22.05.2024

You could satisfy appetite just by looking at pictures of food

You’ve heard of eating smaller meals, cutting out sugar and taking regular walks to help shave off the extra pounds. But now scientists say that just staring at pictures of the food you crave could help suppress appetite and stimulate .

Researchers in Denmark found that people who looked at 30 pictures of an M&M for at least two seconds per image and ‘vividly’ imagined eating the candy felt more full and wanted to eat less of the food afterward.

They were compared to an equal group of people who were shown pictures of the same food only three times.

The scientists suggested that the action stimulated an area of the brain linked to appetite and made someone feel like they had already consumed the food, boosting feelings of fullness and potentially helping to lose weight with minimal effort.

The above images are from the first experiment. The first image is a picture of the orange M&M that participants were shown. They had to view this image for at least two seconds each for three or 30 times. After the experiment, participants were then shown pictures of bowls with one to ten M&Ms in them (The second and third images show the bowls containing one or ten M&Ms) and asked to pick one to represent how many M&Ms they wanted. Results showed that participants felt more satisfied and wanted fewer M&Ms if they viewed the pictures 30 times

The above images are from the first experiment. The first image is a picture of the orange M&M that participants were shown. They had to view this image for at least two seconds each for three or 30 times. After the experiment, participants were then shown pictures of bowls with one to ten M&Ms in them (The second and third images show the bowls containing one or ten M&Ms) and asked to pick one to represent how many M&Ms they wanted. Results showed that participants felt more satisfied and wanted fewer M&Ms if they viewed the pictures 30 times

To vary the experiment, participants were then shown pictures of different colored M&Ms (top left picture) and, to elicit a sweeter taste response, different colored Skittles (Bottom left). After seeing these images either three or 30 times, they were again shown the bowls of M&Ms or, in line three, Skittles, and asked to choose how many they wanted from one to ten. Results from these experiments matched those in the first experiment

To vary the experiment, participants were then shown pictures of different colored M&Ms (top left picture) and, to elicit a sweeter taste response, different colored Skittles (Bottom left). After seeing these images either three or 30 times, they were again shown the bowls of M&Ms or, in line three, Skittles, and asked to choose how many they wanted from one to ten. Results from these experiments matched those in the first experiment

PhD student Tjark Anderson, a food scientist at the university who led the research, said: ‘In our experiment, we showed that when the participants saw the same food picture 30 times, they felt more satiated than before they had seen the picture.’

He added: ‘You will receive a physiological response to something you have only thought about.

‘That’s why we can feel fully satisfied without eating anything.’

In the study, published in the journal Appetite, researchers recruited more than 1,000 people who were split into three groups for separate experiments.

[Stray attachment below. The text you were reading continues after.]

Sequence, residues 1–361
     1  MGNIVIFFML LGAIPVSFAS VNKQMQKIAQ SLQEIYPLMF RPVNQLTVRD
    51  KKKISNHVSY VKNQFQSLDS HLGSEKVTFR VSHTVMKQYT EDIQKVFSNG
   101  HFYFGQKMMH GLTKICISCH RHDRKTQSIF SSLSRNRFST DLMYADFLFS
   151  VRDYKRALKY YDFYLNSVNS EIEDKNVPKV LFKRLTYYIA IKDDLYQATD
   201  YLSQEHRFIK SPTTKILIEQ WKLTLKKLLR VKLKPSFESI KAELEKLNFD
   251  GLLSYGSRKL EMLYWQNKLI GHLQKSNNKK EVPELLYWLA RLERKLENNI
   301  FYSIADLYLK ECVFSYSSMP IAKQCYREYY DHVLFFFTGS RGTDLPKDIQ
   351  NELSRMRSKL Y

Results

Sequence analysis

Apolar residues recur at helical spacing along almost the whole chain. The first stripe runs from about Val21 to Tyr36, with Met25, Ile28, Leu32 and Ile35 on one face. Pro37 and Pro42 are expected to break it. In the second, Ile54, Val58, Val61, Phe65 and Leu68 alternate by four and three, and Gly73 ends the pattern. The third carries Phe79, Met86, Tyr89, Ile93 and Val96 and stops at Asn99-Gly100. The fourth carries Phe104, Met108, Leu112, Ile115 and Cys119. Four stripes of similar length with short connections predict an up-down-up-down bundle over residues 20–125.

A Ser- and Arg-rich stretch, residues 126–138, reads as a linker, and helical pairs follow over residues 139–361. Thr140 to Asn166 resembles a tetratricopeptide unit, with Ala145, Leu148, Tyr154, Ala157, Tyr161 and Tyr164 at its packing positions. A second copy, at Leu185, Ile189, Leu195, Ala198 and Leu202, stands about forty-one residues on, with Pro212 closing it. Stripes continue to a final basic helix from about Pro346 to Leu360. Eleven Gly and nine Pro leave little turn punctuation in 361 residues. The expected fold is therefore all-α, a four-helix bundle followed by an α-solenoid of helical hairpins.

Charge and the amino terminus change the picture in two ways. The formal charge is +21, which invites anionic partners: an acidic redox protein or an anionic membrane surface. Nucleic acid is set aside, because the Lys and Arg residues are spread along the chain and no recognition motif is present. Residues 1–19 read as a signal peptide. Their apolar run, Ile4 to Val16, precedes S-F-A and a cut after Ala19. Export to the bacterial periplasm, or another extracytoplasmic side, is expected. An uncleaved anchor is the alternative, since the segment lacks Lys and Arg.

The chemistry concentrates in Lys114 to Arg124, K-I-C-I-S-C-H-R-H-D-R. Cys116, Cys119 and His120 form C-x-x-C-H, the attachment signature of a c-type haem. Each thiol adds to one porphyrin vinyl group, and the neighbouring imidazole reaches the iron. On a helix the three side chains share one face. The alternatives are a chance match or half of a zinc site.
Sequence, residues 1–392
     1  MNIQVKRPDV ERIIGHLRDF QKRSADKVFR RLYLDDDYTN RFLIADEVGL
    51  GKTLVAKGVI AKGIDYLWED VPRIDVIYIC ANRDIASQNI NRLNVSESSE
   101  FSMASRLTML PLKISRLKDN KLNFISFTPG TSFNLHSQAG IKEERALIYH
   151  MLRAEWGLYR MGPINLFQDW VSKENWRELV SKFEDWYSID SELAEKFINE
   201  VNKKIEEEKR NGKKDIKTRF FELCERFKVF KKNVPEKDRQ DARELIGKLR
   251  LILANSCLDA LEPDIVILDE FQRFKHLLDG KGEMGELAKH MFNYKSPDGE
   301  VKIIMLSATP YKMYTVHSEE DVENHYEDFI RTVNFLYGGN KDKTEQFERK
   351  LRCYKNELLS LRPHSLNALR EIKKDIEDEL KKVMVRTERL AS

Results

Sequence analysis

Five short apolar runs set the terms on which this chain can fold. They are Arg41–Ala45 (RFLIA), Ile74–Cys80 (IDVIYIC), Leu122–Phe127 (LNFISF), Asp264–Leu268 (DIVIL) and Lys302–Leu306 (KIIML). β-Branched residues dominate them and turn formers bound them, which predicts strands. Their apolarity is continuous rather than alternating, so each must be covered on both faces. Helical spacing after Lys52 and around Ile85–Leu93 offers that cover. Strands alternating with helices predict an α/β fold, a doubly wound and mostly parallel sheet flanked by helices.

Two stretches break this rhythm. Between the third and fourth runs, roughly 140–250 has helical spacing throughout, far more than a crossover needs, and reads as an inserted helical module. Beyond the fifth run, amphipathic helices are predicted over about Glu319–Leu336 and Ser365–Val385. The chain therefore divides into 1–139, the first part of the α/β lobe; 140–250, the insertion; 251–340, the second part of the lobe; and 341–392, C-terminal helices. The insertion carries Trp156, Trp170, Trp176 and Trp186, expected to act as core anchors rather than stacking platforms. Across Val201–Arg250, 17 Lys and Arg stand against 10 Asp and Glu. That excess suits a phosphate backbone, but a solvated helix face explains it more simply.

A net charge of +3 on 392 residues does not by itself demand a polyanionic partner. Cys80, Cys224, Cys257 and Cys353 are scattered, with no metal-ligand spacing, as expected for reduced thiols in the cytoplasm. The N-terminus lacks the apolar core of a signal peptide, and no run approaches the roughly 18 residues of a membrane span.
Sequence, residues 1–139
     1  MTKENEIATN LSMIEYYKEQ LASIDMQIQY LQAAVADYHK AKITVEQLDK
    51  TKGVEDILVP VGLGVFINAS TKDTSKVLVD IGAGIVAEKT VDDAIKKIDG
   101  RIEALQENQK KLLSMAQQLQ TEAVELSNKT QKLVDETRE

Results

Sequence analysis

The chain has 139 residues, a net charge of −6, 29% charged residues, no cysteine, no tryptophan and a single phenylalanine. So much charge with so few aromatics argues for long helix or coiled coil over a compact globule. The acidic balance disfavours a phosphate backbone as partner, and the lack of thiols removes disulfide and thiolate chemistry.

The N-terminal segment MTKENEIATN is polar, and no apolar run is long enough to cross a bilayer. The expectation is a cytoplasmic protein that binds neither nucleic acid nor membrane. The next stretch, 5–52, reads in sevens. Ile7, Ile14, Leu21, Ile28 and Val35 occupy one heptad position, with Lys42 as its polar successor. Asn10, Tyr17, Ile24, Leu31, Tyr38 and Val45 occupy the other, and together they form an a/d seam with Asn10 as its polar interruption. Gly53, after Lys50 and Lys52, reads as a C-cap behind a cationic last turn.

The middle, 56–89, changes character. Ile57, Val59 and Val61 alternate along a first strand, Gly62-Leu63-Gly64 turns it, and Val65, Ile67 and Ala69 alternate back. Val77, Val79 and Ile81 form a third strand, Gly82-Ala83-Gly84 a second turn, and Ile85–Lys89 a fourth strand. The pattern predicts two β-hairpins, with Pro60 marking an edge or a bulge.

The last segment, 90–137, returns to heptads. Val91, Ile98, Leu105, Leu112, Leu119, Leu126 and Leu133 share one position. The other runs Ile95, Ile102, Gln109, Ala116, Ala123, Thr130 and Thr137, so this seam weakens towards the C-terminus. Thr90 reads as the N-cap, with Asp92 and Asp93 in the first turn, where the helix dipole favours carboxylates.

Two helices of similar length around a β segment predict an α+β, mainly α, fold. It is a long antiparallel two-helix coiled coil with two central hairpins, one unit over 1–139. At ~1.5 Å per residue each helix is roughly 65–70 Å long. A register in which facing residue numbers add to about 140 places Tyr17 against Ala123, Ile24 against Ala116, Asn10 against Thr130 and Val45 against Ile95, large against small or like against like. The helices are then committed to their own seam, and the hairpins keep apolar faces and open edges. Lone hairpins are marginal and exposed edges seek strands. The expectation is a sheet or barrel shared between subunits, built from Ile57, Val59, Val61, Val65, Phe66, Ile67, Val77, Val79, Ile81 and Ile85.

In the first experiment, participants were shown a picture of an orange M&M either three or 30 times.

They had to look at each image for at least two seconds while they ‘vividly imagined’ eating the food.

Afterward, participants were questioned on how full they felt and how many M&Ms they would like to consume.

Results showed those who saw the pictures just three times were significantly more likely to say they wanted to eat an M&M than those who saw them 30 times.

They also asked for more M&Ms, at an average of 6.2 out of the possible ten, compared to an average of 5.7 in the group who saw the image more.

In the second arm of the study, scientists again showed the images of M&Ms three or 30 times — but this time varied the color of the sweet.

This was to test whether seeing separate colors changed the response of the brain to the food stimulus.

But the scientists found no difference to the first, with results showing people who only saw the images three times felt less satiated and wanted more M&Ms.

In the third arm, the M&Ms were replaced with multicolored Skittles because these taste different based on color and have a sweet taste.

But the results were still the same as in the previous experiment.

Discussing the results, Mr Andersen said: ‘If color didn’t play a role, it must be imagined taste [we thought]. but we found no major effect here either.’

Experts suggested that looking at pictures of food stimulated areas of the brain linked to satiety or feeling full sparking a decrease in appetite. This is called the grounded cognition theory.

Previous research has also suggested that repeatedly viewing an image of something can lead to habituation, or a weakened response to it, prompting lower interest in the item.

It has also suggested that viewing images of food could be seen as a form of gratification, or temporarily fulfilling someone’s desire for food.

The researchers suggested that people looking to lose weight could be shown photos of food repeatedly to help suppress their appetite.

Mr Andersen said an app could be developed to help suppress cravings.

‘Think if you developed an app based on a Google search,’ he said.

‘Let’s say you wanted pizza. You open the app. Choose pizza, and it shows a lot of photos of pizza while you imagine eating it.

‘In this way, you could get a sense of satiety and maybe just stop wanting pizza.’

The average person saw about 6.1 food-related posts every 12 hours while using social media, a 2016 study found.

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